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  1. Rob Cypher
    A drunk driver who killed two best friends when he ploughed into them four years ago is set to be freed after serving just one month in prison.

    Scott Nicholls, then 20, was speeding and was over the alcohol limit with traces of heroin and ecstasy in his system when he caused the late-night horror crash.

    Nicholls smashed into Emma Harold, 26, her younger sister Beccy Rutter, 25, and their friend Kate Wasyluk, 25.

    The three young women were mown down just yards from the entrance of St Clement's Hospital in Ipswich, Suffolk, in the early hours of February 21, 2009.

    Miss Harold and Miss Wasyluk were tragically killed while Miss Rutter suffered horrific injuries.

    Nicholls, of Ipswich, was detained under the mental health act at his trial at Ipswich Crown Court in September 2009.

    His 12-year sentence was slashed by a third to eight years, taking into account his guilty plea to a charge of causing death by dangerous driving.

    The killer driver has spent the last four years in a mental health hospital and was released into prison in January.

    As well as having to cope with the fourth anniversary of losing Miss Harold and Miss Wasyluk today, their devastated families have been told Nicholls will be released by the end of this month.

    They are now waiting for the call from the probation service to confirm when he will walk out of the prison gates into a new life of freedom.

    Today, furious Remy Wasyluk, 31, the brother of Miss Wasyluk, has called for a change in the law. He is demanding that criminals deemed unfit to serve in prison should be treated in hospital and then sent to jail to start their sentence.

    Echoing Mr Wasyluk's anger, survivor of the horrific crash Miss Rutter, of Ipswich, said she was very 'cross' that Nicholls has 'got off lightly with a lesser sentence'.

    Mr Wasyluk, of central London, said: 'We have been told he (Nicholls) will be released at the end of February, we don't know the exact date.

    'I hope they (the justice system) wouldn't be so ridiculously insensitive as to release him on the same day as the anniversary.'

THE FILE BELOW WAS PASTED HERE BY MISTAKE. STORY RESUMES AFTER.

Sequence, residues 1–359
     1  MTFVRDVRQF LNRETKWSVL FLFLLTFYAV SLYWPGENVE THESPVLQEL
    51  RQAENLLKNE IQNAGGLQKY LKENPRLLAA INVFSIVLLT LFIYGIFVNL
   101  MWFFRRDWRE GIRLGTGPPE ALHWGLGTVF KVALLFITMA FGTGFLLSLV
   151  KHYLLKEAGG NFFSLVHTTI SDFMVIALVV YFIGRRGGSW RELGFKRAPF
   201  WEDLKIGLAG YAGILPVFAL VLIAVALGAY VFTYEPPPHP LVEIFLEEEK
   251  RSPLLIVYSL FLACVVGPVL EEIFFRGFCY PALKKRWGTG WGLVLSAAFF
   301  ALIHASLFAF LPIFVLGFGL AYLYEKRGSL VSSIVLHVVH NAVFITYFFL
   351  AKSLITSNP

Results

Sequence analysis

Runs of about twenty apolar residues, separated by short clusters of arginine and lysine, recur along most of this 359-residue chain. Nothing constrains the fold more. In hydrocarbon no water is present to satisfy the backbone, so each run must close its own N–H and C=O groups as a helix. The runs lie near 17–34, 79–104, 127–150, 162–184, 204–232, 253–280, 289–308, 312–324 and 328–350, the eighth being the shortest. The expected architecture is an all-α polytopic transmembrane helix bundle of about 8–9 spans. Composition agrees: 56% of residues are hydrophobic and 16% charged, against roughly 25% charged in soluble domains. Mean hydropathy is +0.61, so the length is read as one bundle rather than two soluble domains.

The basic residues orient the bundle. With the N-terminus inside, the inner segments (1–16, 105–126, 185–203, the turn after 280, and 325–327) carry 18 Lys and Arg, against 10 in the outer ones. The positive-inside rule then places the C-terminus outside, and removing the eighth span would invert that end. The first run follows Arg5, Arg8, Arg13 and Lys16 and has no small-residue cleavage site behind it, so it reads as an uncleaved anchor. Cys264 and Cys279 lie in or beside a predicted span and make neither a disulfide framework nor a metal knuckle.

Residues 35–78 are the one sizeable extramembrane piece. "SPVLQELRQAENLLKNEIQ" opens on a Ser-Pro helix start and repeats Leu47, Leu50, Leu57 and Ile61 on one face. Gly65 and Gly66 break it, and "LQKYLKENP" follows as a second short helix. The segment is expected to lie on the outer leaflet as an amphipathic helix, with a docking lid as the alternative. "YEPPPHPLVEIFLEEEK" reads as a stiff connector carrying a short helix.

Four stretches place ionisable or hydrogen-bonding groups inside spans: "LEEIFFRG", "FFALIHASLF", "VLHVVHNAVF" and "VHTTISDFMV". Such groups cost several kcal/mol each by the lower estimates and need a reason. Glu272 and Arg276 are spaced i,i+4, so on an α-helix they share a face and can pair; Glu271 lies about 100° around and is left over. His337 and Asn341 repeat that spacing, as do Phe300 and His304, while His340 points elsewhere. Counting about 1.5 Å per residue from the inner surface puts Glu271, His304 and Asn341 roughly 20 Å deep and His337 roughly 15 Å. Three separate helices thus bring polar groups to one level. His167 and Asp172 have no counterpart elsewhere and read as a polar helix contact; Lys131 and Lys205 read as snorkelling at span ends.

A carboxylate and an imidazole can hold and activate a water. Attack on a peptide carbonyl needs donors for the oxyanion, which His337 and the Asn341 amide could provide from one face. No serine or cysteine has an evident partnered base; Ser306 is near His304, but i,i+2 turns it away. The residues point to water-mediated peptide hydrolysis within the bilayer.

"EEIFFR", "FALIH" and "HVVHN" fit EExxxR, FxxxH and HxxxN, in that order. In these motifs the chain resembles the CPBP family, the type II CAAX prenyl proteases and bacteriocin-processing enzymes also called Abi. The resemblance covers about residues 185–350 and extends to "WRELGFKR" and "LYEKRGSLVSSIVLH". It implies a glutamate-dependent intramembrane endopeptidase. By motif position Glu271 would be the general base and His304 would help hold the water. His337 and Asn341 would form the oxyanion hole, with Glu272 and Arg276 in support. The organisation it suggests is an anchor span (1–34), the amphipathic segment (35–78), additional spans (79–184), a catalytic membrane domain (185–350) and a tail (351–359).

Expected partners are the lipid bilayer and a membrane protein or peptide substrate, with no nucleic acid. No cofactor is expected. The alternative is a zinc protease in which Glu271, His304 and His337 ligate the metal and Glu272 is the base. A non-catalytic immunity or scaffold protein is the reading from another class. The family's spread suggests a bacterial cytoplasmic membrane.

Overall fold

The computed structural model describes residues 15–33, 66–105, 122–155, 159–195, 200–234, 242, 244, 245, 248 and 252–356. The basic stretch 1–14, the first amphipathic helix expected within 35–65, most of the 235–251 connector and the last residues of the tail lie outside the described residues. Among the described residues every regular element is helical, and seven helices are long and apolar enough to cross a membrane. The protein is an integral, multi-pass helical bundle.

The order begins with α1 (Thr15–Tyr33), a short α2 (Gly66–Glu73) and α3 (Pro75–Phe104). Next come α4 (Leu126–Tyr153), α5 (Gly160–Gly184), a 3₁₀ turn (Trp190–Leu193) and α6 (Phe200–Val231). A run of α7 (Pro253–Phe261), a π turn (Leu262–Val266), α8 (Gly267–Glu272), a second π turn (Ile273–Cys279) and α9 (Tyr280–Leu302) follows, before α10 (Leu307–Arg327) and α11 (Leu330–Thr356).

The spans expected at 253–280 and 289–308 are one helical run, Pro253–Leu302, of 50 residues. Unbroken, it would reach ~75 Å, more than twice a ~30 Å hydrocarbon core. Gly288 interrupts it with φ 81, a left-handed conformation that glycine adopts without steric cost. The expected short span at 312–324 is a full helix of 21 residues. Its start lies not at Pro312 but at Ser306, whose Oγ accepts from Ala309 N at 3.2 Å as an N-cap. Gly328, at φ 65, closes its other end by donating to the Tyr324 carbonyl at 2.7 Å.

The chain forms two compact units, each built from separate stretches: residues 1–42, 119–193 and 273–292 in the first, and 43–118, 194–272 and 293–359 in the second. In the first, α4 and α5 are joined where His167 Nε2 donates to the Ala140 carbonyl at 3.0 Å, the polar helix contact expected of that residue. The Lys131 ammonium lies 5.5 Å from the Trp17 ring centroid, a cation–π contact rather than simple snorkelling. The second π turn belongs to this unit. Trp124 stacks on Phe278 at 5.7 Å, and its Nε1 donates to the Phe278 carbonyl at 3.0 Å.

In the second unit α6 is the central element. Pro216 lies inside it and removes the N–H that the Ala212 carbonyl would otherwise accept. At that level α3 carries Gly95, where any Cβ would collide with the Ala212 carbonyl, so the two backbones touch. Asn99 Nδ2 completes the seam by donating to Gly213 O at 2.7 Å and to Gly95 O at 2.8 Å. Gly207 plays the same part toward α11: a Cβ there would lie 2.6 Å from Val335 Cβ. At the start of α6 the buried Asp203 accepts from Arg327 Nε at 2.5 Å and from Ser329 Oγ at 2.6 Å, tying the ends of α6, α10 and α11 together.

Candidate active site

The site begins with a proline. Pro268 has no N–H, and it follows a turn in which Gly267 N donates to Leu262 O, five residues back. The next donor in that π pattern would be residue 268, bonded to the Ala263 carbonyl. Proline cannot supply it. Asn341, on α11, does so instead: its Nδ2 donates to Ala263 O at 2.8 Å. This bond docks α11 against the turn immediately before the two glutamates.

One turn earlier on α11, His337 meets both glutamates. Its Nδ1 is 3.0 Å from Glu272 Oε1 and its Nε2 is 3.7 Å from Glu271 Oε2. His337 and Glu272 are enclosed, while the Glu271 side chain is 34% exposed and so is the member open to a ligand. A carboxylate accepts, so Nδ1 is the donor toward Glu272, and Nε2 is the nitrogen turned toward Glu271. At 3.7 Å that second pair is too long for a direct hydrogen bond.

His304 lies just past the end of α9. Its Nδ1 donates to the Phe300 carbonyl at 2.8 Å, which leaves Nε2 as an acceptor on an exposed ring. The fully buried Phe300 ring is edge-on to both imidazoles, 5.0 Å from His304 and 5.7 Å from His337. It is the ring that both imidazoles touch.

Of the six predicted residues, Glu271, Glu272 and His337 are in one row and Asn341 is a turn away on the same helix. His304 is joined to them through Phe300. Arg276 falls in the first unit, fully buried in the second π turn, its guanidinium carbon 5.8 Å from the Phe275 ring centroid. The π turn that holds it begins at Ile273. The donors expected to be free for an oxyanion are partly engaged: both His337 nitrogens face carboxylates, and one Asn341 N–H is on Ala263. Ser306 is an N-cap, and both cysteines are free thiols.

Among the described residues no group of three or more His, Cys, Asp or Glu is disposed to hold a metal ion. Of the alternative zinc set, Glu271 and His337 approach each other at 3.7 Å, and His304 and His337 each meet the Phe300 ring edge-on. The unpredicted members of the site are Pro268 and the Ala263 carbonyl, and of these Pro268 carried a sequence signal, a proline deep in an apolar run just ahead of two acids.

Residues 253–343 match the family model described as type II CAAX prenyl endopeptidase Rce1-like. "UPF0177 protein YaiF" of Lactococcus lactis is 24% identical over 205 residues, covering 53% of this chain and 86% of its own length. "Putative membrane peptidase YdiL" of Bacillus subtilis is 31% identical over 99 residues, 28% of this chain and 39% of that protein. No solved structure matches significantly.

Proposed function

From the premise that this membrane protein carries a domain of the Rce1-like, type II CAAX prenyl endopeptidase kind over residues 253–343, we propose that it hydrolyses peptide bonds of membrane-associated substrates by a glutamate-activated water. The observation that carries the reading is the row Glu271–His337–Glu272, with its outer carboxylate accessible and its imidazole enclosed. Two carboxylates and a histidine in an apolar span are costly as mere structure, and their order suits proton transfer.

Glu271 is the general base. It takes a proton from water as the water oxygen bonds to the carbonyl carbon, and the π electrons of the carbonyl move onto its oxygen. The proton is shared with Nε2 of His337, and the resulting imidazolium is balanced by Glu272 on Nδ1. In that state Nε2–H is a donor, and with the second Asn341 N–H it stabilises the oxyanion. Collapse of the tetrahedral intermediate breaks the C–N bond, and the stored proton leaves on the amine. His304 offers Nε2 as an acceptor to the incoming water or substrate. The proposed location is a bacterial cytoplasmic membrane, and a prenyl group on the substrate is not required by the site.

He added: 'It is very distressing for all the families, hearing this news as we all have to cope with the fourth anniversary. What makes it worse is he has only served just over one month in prison.'

    Miss Rutter, now 29, said: 'As a family we do try not to think too much about him (Nicholls), but knowing he has only served one month in prison, for taking two lives, makes me so cross.

    'It feels like he has got off with a lesser sentence.

    'Whether he was sentenced to eight or 20 years, he would be out one day with the opportunity of a second chance ' a second chance Emma and Kate will never have.'
    Mr Wasyluk added: 'The law needs to be changed. If someone is detained in hospital, deemed too ill to go to prison, they should be treated and brought to a position where they are aware of what has happened, and what they have done.

    'Then and only then should they be sent to prison to serve their sentence. In this case, he would have served a total of eight years, which is what he was ultimately sentenced to.

    'It seems only yesterday this all happened and now we are four years on and he has served just one month in prison.

    'Four years in prison, we could have accepted whatever we felt about the length of sentence, but one month seems unjust.'

    He hit out as tragic Miss Wasyluk's mother, Dot Richardson, 58, told Nicholls to make the most of his new-found liberty.

    Mrs Richardson, of Ipswich, said: 'This year has been the worst. I tend to bury my head in the sand and don't really think about him (Nicholls), I'm not really interested in what happens to him whatsoever.'

    But she stressed: 'Having said that, it is a small town and you do hear things. It is extremely hard, it shouldn't be any different to any other year, but it is. The biggest insult for me would be if he came out and reoffended.

    'This is his second chance ' I want him to take it. He is lucky to have it and must make the most of it. My friends tell me I have forgiven him and, although I can't say the words out loud, I think in my heart I have.'

    Honouring the memory of her older sister and friend, Miss Rutter said she could think of no more fitting tribute than to give her new baby girl their names.

    Azariah Emma Kate Rutter was born on January 28. Miss Rutter said she and her husband Liam were desperate to keep their memories alive.

    The devastated mother-of-three said: 'Emma was my sister and Kate one of my best friends, I loved them both like sisters. I wanted to do something to keep their memories alive and keep them with me at all times. Azariah will never get to meet her auntie or my friend and so I hope with her having their names she will feel a connection with them both.'

    She added: 'It was hard, I was worried about having her so close to the anniversary. She is doing really well, settling in at home. She is just gorgeous.'

    Miss Wasyluk's mother Dot said that when she heard Miss Rutter had poignantly honoured her daughter she was moved to tears.

    'It blew me away. I knew she had given birth to another daughter and was keeping the name under wraps,' she said.

    'I was expecting her to name Azariah after Emma but for her to honour Kate as well was amazing. Kate would've just loved it - it is a lovely way to remember them both.'"

    FEB 21, 2013



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